A CISOs guide for measuring your security
Importance of business security
Measuring risk is key to business continuity. A growing attack surface will present many businesses with challenges of how to manage their enterprise assets and maintain a robust cyber security posture. An expanding remote workforce, increasing levels of data and the continuous rollout of evolutionary solutions can all present hackers with potential entry points to exploit if security measures are not in place.
Poor business security can also fall foul of compliance standards like ISO 27001 which requires organisations to develop an Information Security Management System (ISMS) aligned to the business for better management of its information security, and PCI DSS (Payment Card Industry Data Security Standard) focused on the implement of specific security controls to protect payment card data. Therefore, it is of vital importance for businesses to understand their current level of security and implement the right controls to strengthen it.
Businesses can significantly improve their cyber resilience by having a security expert, such as a virtual CISO (Chief Information Security Officer), perform regular reviews of business units and processes at organisational and individual levels. A vCISO can highlight the impact of poor security hygiene through risk assessments, while building strategies to strengthen your security posture, and help your business take steps to develop a cyber secure culture.
Furthermore, assessing your business’s security posture is important for understanding your vulnerability to cyber threats that could affect your employees, supply chain, and partners. This blog discusses 5 useful tips on how your business can measure its security and enhance its resilience against a growing threat landscape.
1. Review your existing security controls
Effective risk management is crucial to securing information security and maintaining business continuity. By conducting a comprehensive risk assessment of your operating environment with the help of a vCISO, you can gain a clear understanding of the effectiveness of your business’s existing security controls, processes and practices.
A vCISO will take a holistic view of the entire business, from its daily operations and staffing structure to business objectives and strategies. This will provide a top-down understanding of your organisation and ensure security objectives align with business goals. By understanding where your business is most at risk and where security gaps exist, a vCISO can help deliver a detailed plan of action to improve security controls and support the achievement of business goals.
By evaluating assets critical to business operations and the extent of security controls they require, you can streamline your cyber security and invest in solutions that will make the most impact. This can help you make the most out of your security budget by targeting it in the right places and measuring its impact more effectively.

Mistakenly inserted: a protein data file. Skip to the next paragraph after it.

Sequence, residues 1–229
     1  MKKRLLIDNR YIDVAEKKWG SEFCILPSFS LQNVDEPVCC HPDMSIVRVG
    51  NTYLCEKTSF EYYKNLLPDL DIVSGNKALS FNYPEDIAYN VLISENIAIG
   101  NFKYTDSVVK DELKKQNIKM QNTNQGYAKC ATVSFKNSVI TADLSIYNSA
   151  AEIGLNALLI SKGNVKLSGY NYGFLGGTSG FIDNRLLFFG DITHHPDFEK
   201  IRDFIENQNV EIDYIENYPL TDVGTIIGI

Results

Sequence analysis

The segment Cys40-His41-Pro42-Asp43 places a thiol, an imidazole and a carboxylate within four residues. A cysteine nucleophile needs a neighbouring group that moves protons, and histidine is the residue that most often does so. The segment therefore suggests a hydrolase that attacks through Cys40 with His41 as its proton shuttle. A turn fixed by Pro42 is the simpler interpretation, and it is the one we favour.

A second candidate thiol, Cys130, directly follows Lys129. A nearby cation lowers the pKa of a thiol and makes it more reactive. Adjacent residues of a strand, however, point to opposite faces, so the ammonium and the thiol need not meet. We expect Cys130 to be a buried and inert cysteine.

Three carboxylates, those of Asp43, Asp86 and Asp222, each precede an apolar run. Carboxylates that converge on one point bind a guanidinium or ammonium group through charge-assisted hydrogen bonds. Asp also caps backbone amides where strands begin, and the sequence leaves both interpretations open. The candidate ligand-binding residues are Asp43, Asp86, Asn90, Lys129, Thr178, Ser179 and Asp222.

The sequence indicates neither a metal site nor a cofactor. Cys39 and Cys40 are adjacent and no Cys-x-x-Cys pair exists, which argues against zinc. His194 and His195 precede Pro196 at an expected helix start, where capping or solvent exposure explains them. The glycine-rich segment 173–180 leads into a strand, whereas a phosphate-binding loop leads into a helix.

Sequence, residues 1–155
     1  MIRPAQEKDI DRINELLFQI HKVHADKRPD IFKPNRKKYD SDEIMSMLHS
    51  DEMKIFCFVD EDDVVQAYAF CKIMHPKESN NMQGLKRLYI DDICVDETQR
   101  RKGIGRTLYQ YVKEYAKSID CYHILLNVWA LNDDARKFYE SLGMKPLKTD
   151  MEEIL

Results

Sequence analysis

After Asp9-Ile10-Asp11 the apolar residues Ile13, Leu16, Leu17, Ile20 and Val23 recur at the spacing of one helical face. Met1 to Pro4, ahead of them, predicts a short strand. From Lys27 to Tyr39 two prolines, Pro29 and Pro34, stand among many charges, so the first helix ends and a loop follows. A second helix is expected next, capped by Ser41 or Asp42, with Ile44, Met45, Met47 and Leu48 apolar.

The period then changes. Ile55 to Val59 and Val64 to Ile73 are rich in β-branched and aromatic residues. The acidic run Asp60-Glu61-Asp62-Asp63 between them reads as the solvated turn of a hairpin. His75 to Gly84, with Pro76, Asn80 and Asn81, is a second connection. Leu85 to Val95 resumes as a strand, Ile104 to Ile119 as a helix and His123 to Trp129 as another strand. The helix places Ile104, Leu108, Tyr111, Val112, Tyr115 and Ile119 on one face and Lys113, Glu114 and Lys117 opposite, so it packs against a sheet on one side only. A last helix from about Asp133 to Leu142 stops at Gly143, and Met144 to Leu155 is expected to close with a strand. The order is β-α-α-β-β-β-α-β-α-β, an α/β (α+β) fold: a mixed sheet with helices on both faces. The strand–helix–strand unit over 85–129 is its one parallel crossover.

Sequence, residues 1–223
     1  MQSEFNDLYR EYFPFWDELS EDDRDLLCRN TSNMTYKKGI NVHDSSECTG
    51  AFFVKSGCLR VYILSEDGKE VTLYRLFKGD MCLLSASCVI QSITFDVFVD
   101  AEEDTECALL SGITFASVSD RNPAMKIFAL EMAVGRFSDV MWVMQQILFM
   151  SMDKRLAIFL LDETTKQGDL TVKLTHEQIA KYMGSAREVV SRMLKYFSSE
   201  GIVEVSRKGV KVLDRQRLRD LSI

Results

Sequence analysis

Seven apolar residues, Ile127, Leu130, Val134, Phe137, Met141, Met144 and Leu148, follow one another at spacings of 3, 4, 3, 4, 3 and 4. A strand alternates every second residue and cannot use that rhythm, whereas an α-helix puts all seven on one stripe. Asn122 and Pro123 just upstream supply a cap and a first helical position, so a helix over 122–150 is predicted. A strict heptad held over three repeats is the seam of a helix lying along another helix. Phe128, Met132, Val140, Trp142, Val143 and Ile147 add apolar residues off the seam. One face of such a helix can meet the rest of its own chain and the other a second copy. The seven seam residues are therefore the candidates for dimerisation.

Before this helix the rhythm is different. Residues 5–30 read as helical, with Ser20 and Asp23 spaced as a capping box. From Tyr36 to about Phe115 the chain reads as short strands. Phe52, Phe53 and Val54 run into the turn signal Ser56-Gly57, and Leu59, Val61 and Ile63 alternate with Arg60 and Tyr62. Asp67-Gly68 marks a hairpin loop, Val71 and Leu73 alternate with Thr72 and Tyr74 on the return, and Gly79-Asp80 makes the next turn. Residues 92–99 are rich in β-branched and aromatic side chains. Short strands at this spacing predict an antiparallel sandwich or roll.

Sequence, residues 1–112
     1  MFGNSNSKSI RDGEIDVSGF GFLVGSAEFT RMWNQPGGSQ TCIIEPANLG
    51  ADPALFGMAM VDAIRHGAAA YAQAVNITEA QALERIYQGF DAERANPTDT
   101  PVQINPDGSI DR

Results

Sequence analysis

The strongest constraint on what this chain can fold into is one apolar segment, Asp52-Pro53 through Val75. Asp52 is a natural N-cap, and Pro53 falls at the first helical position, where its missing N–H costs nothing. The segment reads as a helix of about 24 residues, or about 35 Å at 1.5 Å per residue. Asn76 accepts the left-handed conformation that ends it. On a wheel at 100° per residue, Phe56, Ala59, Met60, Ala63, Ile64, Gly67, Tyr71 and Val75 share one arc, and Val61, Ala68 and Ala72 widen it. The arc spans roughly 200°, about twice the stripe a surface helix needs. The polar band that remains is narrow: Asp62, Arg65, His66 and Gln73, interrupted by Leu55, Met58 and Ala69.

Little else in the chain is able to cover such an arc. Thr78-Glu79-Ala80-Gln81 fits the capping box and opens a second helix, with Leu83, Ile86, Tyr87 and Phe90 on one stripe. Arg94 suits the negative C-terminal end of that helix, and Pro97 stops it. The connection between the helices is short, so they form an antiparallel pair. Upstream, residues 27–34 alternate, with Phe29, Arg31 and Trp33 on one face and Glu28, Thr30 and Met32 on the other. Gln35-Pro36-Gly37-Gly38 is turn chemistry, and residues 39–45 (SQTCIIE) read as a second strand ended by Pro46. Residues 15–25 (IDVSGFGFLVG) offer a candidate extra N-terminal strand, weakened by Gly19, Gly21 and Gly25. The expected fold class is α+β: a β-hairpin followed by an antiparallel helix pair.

2. Assess your ability to quickly respond to cyber threats
Effective threat detection and response is key to proactively preventing and containing cyber threats. Ask yourself these questions:
- What are your current processes for detecting security threats?
- Are you regularly updating software and applications?
- Does your IT team have the necessary skills and experience for tackling cyber threats?
- If your organisation experienced a cyber attack, what would you do?
It’s crucial that threats are proactively monitored and once detected, remediated efficiently to secure your business and minimise disruption. However, you don’t have to do all of this yourself. Many security vendors provide a combination of managed SIEM solutions and Security Operation Centres (SOC) services to undertake reliable threat detection and response on your behalf.
Once you understand the areas of your business security that require attention, you can invest in threat monitoring and incident response tools (or services) to improve your cyber resilience and improve the way your business measures its security.
3. Test the vigilance of your employees
Employees are your business’s most vulnerable targets. Cyber criminals will look for the path of least resistance to breach a company’s cyber security. Meaning without adequate cyber awareness training, employees will be susceptible to common attack vectors such as social engineering. In 2021, our data showed that phishing was the most common type of cyber attack, and that’s because phishing relies on impersonation and human error. So, if your employees are unable to identify signs of a potential threat, your business is vulnerable to opportunistic and preventable cyber attacks.